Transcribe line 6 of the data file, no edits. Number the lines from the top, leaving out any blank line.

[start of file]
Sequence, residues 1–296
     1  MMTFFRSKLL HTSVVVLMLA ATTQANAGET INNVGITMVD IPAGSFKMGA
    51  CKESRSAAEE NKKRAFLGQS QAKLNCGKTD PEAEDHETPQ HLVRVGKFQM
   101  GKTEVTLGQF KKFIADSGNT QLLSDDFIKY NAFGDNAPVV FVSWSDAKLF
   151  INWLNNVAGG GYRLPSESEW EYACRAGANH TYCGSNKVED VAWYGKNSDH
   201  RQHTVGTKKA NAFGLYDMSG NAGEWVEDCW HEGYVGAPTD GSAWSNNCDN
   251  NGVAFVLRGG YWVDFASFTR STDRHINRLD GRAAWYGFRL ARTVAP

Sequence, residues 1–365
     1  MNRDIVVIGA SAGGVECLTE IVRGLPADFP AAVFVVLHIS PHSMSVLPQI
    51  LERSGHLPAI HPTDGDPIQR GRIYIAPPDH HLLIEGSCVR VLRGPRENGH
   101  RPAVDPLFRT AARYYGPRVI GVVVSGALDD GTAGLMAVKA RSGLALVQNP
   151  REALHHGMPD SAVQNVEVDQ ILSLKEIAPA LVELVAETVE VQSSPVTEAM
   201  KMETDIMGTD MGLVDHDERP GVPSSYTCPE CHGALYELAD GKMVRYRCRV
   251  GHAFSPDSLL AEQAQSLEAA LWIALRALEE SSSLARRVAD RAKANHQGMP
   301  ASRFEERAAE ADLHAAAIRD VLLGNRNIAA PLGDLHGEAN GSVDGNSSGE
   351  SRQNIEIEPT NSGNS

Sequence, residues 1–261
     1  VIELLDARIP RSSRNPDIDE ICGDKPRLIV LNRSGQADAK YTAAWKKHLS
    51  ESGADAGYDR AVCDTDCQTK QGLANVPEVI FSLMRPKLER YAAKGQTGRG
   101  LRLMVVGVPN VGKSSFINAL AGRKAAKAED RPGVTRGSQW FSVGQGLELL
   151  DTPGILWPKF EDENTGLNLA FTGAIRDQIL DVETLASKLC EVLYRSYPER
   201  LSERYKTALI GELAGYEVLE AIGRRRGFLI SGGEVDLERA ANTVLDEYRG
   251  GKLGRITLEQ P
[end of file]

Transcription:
   201  RQHTVGTKKA NAFGLYDMSG NAGEWVEDCW HEGYVGAPTD GSAWSNNCDN